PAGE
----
Beavers, National Parks and Trump’s Attacks on Science: 16 New Environmental Books for June
By John R. Platt
We've made it past Memorial Day weekend, which means that for many of us it's time to start planning our summer reading lists. Luckily there are plenty of new environmentally themed books coming out in June—more than any one person could read at the beach or by the campfire, but enough for everyone to easily pick out a few titles that appeal to them.
Here's our list of the 16 best-looking books being published this month, including books about whales, beavers, sea-level rise, national parks, the Trump administration's attacks on science, the history of radical environmentalism and a whole lot more. As usual, we've tried to pick a wide range of titles for dedicated environmentalists, nature-loving kids, mystery fans and everyone in between.
Wildlife, Animals and Endangered Species:
North America's ecosystems are messed up, and the eradication of beavers is often to blame. Millions of these crafty critters were trapped and killed for their fur, leaving the ecosystems that depended on them up a creek without a beaver. Goldfarb looks at the consequences of the loss of beavers, as well as the people who are trying to restore their populations. (Related: read Goldfarb's recent essay, Can Wildlife Services Learn to Believe in Beavers?)
The Last Lobster: Boom or Bust for Maine's Greatest Fishery? by Christopher White
As someone who spent eight years living in coastal Maine, I know how utterly reliant the local economy is on lobster fishing. But that industry, currently booming, could soon crash as a result of climate change and warming oceans. White bites into this critical issue and talks to the lobstermen who are working their tails off now but already bracing for an uncertain future.
How did whales evolve, and can they continue to survive in the face of climate change and other threats to the world's oceans? Pyenson, one of the world's most influential marine mammal researchers, dives deep into these issues in his important new book.
The Animal Lover's Guide to Changing the World by Stephanie Feldstein
Subtitled "Practical Advice and Everyday Actions for a More Sustainable, Humane and Compassionate Planet," this book by Feldstein, an activist with the Center for Biological Diversity (publishers of The Revelator) takes fans of pets and wildlife through the actions they can take to protect the planet and all of its denizens.
The Intrinsic Value of Endangered Species by Ian A. Smith
This academic book, from a series on studies in ethics and moral theory, argues that species have a right to exist because they are capable of existing and reproducing in the first place. Sounds like a good argument.
Squidtoons: Exploring Ocean Science with Comics by Garfield Kwan, Dana Song
Kids love weird creatures, and the ocean is full of them. So is this book. The illustrations are pretty neat, too.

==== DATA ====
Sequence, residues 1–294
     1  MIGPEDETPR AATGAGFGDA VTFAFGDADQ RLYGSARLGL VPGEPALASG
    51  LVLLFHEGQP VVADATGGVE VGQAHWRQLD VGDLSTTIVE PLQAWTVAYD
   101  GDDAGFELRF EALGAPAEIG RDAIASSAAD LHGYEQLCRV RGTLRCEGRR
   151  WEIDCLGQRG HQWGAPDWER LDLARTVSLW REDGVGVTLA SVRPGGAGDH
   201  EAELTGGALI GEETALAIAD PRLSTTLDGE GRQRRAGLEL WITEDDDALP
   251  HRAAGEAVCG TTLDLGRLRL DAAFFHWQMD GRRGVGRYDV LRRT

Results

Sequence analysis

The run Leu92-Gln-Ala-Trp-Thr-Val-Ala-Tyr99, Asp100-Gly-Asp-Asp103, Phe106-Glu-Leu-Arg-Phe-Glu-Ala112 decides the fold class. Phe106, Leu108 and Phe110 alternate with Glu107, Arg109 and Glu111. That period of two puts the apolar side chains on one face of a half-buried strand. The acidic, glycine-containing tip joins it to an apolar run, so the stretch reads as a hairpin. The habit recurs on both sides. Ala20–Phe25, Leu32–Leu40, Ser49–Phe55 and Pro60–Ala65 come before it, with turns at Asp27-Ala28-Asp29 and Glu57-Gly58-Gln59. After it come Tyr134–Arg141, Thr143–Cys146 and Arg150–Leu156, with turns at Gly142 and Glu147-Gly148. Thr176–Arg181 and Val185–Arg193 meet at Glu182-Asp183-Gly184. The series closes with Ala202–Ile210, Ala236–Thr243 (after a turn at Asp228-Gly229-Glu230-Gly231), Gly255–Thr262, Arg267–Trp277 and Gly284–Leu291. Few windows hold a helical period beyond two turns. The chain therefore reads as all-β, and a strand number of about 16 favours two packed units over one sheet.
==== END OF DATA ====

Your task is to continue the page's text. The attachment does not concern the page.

Science and Politics:
Corrupted Science: Fraud, Ideology and Politics in Science (Revised & Expanded) by John Grant
I was a huge fan of this book when it was first released as a small hardcover 10 years ago. Now it's back in a much larger and massively updated format. Grant (an award-winning science-fiction writer and editor) looks at centuries of history to expose how science has been misused and misrepresented since the age of Galileo—and into the modern climate-change denial movement and the Trump administration.
What the Eyes Don't See: A Story of Crisis, Resistance, and Hope in an American City by Mona Hanna-Attisha
A first-person account of how the author, a pediatrician and activist, helped to uncover and expose the devastating lead-water contaminant crisis in Flint, Michigan.
National Parks and Public Lands:
Yosemite Fall: A National Park Mystery by Scott Graham
A mystery novel, book four in a series set in national parks, about an archeologist trying to solve two murders: one from 150 years ago and another, in the present day, in which he's just been implicated.
Where the Fire Falls: A Vintage National Parks Novel by Karen Barnett
Here's another mystery set in a national park, this time a romantic thriller that takes place in Yellowstone during the 1920s.
This month's third and final work of fiction set in a national park, this time an epoch-leaping kids' book that explores thousands of years of history of Maine's Acadia National Park.
This heavily researched book—nonfiction, to set it apart from the others in this category—lays out the arguments for privatizing public land … and then obliterates them, showing why these landscapes are an asset for the country and its people.
Rising: Dispatches From the New American Shore by Elizabeth Rush
A heavily reported look at the plants, animals and people in the United States who are already being affected by climate change and sea-level rise. Billed as "a shimmering meditation on vulnerability and vulnerable communities," as well as a look at "how to let go of the places we love." Uh-oh.
Environmentalism and Sustainability:
The Ecocentrists: A History of Radical Environmentalism by Keith Makoto Woodhouse
A look at the radical environmentalism movement that arose during the 1980s, from Earth First! and beyond.
What the heck are we eating, and what's happening to our bodies as a result? Lawless looks at the deteriorating nutritional content of our food, the chemicals it's packaged with, and how that's reshaping our brains, microbiota and genes.
A New Reality: Human Evolution for a Sustainable Future by Jonas Salk and Jonathan Salk
A look at the future of human population and related issues, with Jonathan Salk expanding upon ideas developed by his father, the famous creator of the polio vaccine.
That's it for this month, but there are lots more recent books waiting for you at your local bookstore or library. Check out our previous "Revelator Reads" columns for dozens of additional recent recommendations—and feel free to recommend your own recent favorites in the comments.
Reposted with permission from our media associate The Revelator.